Oh, if all problems could be solved with a lavish Cirque du Soleil party and a sizable, charitable gift to a city nearly 3,000 miles from your front door. Yes, playing a strong "outside game" is essential to being an effective leader. No, leaders don't get points for showmanship, big plays and razzle dazzle. True leaders create meaningful change both internally and externally by acting in a way that is meaningful and consistent with their identity. Both inside and outside one's organization, the ability to share one's achievements, bring others onboard, and evangelize new ideas and initiatives is essential to leadership and a leader's longevity. The press and readers are savvier than companies acknowledge; if the mask isn't consistent with the face underneath, it will be all too easy for users and public leaders to quickly "unfriend" the whole operation.
Facebook was an innovation, not a revolution. As such, Zuckerberg has been considered an innovator, not a leader. The challenge for Zuckerberg in the coming years is using the product, his goodwill and his largess to play the right game in the right way to become a leader. Zuckerberg should not remove himself from the public eye all together. If he only emerged from behind the curtain once a year to battle a nasty profile, his 500 million friends would quickly become indifferent to the product and the man behind the behemoth. The slipshod announcement of Zuckerberg's donation, for example, overshadowed the real, important change that this fund could bring to Newark's ailing schools. His intentions were questionable, and Zuckerberg must act and speak genuinely and with follow-through. Start small, cleaning up parks in the Bay Area, creating programs in local high schools that promote technological innovation--things that Zuckerberg and his employees care about--and go from there. -Matthew Spector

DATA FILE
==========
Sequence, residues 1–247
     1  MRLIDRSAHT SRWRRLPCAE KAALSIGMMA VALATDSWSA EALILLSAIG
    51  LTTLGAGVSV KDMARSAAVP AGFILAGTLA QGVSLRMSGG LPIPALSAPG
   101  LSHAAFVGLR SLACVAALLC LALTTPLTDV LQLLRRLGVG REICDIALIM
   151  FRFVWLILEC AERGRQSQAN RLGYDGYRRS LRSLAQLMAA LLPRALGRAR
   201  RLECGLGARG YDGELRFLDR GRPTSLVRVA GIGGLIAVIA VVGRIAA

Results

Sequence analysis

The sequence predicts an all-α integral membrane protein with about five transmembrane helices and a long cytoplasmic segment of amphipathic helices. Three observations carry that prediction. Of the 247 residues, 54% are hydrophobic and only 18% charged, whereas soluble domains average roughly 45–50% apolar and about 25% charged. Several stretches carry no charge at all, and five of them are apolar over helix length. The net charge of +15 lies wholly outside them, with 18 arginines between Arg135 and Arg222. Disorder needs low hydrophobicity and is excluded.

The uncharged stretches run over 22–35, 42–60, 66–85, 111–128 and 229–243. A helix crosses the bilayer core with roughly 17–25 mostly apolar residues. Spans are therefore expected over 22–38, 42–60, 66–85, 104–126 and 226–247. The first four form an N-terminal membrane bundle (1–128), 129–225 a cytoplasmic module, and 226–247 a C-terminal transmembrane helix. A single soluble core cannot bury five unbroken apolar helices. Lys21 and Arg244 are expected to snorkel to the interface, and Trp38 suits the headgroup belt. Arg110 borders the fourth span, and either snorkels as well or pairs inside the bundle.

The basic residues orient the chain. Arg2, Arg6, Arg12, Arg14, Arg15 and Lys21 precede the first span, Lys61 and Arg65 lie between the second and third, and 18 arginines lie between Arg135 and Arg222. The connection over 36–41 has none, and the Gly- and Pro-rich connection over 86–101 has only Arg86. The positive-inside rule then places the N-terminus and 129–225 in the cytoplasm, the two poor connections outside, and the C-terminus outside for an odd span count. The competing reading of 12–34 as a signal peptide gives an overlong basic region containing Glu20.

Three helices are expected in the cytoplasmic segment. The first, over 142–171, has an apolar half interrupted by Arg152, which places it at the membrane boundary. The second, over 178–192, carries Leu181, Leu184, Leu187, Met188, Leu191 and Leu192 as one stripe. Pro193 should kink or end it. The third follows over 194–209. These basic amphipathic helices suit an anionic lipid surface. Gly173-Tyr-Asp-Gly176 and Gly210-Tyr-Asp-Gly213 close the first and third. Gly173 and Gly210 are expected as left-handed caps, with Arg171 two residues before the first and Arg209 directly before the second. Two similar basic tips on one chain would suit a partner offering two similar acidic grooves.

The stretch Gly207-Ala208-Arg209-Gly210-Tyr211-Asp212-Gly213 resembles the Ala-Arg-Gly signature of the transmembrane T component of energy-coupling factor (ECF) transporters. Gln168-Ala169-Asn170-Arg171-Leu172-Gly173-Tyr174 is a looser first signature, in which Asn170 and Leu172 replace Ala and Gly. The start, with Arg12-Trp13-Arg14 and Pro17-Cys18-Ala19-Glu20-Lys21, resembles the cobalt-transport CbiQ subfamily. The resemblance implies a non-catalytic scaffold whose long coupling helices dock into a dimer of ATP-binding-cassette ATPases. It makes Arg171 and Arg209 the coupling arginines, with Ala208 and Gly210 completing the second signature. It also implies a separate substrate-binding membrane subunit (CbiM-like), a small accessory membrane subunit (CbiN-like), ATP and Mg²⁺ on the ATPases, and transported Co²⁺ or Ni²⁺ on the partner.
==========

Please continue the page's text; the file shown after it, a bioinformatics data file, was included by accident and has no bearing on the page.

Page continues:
In a word, no. Mark Zuckerberg is the CEO of Facebook; his success is built upon his innovation and technical savvy, not his skills as a leader. The fact that Zuckerberg is the CEO of a private company shapes this depiction. The Facebook phenomenon ensures the loyalty of his employees. His youth in conjunction with net worth ensures his authority over said employees. At a certain point one's prowess in the "outside game" proves irrelevant when one's job proficiency is not contingent on public approval.
Facebook's longevity and perpetual expansion confirm that the site is no passing fad, but rather a cultural development that will continue to define our online existence for the foreseeable future. Zuckerberg was not merely a sperm donor in Facebook's conception but an involved father who nurtured the beast through quite a few stages of growth and development. His genius denies public opinion and as such his so-called "jealous" privacy is his prerogative. A leader who depends on outside game to achieve his or her success is beholden to the tactic, but a Zuckerberg who stands alone as a thriving, code-writing billionaire...well, to borrow a catchphrase: "You don't get to 500 million friends without making a few enemies." -Margaux Weeke
Luckily for Zuckerberg, he's got a great collaborator in Sheryl Sandberg. The former Google executive has done more than a sufficient job of filling in the gaps left by the shortcomings of Zuckerberg's leadership. Zuckerberg was always a techie at heart, and he is brilliant at what he does best: staying behind the computer screen and making magic happen, save for those ever transient and beleaguering privacy issues. The Zuckerberg-Sandberg partnership has enabled Facebook to grow six-fold, expanding to more than 500 million users worldwide.